Keywords: Cord blood acrylamide, birth weight, birth length, head circumference, SNPs in acrylamide-metabolizing genes

Health risks associated with cigarette sidestream smoke inhalation (#269)

L. - A. Li1, H. - J. Liu1, H. - L. Lee2

1 National Health Research Institutes, National Institute of Environmental Health Sciences, Zhunan, Miaoli, Taiwan
2 Fu Jen Cathelic University, Department of Chemistry, New Taipei, Taiwan


Cigarette sidestream smoke particulate matter (CSSP) is a common source of indoor air pollutants for nonsmokers. We measure the contents of metals and polycyclic aromatic hydrocarbons (PAHs) in CSSP emitted from Long Life cigarettes, a leading brand in Taiwan. 29 metals and 17 PAHs are found in CSSP. CSSP-bound metals may increase the chance of developing cancer by 9.27~20.93 x 10-6 and the hazard quotient for non-cancer toxicity by 0.496~0.286 when a Long Life cigarette is smoked in a 60-m3 poorly ventilated room. In contrast to Western cigarettes, cadmium is the primary toxic metal present in Long Life CSSP and accounts for more than 90% and 80% of metal-associated cancer and non-cancer risk, respectively. PAHs that are carcinogenic and probably carcinogenic to human comprise about one fifth of the total PAH mass. Carcinogenic potency is equivalent to 144 ng benzo[a]pyrene (BaP) per cigarette. When smoking occurs in a 60-m3 room, CSSP-bound PAHs increase cancer risk by a 1.44 x 10-6 chance per cigarette. In addition, the concentration of PAHs in the room is equivalent to 2.4 x 10-6 mg/m3 BaP, which is above the reference concentration for developmental toxicity recommended by US Environmental Protection Agency. High concentrations of CSSP are cytotoxic. Elevation of AhR expression in lung cells can attenuate CSSP-induced ROS generation and cytotoxicity. However, metals and PAHs are not the causes for cytotoxicity and have no effect on AhR activity.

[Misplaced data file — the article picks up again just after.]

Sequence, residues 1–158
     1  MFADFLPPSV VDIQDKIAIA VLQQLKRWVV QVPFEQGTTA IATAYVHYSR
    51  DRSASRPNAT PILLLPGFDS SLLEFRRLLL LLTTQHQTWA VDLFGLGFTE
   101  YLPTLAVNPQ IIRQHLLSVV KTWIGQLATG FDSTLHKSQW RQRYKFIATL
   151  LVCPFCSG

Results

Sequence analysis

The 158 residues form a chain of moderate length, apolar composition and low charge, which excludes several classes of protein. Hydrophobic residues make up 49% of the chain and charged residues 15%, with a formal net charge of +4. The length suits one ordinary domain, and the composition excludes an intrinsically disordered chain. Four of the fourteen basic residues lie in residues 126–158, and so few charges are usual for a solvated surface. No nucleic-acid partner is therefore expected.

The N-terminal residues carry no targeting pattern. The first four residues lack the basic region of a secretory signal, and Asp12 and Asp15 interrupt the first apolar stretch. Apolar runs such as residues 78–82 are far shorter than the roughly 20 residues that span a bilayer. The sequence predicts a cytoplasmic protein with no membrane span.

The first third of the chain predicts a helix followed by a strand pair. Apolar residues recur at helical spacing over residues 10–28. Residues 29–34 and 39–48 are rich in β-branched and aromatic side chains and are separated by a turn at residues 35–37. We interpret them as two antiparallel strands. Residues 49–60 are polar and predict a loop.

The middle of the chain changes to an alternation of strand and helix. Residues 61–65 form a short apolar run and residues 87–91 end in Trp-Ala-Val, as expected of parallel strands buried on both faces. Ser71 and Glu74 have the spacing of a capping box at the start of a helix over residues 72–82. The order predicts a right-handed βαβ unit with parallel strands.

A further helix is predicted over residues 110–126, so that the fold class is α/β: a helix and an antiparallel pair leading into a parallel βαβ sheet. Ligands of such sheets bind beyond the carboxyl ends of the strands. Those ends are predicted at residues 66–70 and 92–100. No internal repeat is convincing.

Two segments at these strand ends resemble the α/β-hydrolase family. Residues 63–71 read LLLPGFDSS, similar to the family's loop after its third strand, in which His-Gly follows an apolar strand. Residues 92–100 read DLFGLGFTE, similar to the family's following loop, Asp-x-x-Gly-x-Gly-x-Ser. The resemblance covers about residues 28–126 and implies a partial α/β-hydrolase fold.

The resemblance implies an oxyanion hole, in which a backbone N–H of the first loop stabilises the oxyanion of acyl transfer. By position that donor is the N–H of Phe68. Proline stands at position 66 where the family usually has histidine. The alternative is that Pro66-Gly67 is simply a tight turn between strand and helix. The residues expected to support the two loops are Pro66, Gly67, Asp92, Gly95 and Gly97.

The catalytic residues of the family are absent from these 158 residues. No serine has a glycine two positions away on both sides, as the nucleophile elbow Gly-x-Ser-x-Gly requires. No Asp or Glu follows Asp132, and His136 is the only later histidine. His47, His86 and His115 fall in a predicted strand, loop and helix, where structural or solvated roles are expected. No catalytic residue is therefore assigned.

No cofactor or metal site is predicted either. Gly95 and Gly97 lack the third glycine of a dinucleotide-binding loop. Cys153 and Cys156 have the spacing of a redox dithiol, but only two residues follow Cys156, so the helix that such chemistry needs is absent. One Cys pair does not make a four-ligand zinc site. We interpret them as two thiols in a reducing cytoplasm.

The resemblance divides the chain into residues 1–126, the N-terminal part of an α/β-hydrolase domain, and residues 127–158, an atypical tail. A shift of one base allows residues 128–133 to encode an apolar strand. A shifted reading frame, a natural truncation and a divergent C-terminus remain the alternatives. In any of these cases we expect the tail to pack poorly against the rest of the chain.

Keywords: sidestream smoke, metals, polycyclic aromatic hydrocarbons, cancer risk, non-cancer toxicity

Convolution neural networks for training the unbalanced toxicity assessment data and analyzing chemical functional group (#298)

Y. O. Lee1, Y. Kim2

1 KIST Europe, Smart Convergence Group, Saarbrücken, Saarland, Germany
2 KIST Europe, Environmental Safety Group, Saarbrücken, Saarland, Germany


Deep learning models with the capability of the automated feature extraction have been developed and outperformed the traditional statistical models in the toxicity prediction recently. However, there is little consideration of data imbalance between ‘active’ and ‘inactive’ chemicals in the dataset, and efficient extraction of the activated substructure of the chemicals. In this study, the methods of training the models in the data-imbalanced conditions and interpreting the chemical substructures highly related to the toxicity from the model are proposed with convolution neural networks.